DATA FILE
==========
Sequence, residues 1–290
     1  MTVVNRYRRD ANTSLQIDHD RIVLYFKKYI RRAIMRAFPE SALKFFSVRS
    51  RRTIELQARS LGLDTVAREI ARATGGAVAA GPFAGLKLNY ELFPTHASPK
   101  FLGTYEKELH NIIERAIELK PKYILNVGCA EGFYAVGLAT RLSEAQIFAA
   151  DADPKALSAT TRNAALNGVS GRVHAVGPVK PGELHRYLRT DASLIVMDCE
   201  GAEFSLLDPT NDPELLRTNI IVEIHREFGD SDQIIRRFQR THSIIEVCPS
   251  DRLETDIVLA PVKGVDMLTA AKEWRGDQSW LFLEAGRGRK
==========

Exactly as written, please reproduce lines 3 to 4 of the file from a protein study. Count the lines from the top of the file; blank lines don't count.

    51  RRTIELQARS LGLDTVAREI ARATGGAVAA GPFAGLKLNY ELFPTHASPK
   101  FLGTYEKELH NIIERAIELK PKYILNVGCA EGFYAVGLAT RLSEAQIFAA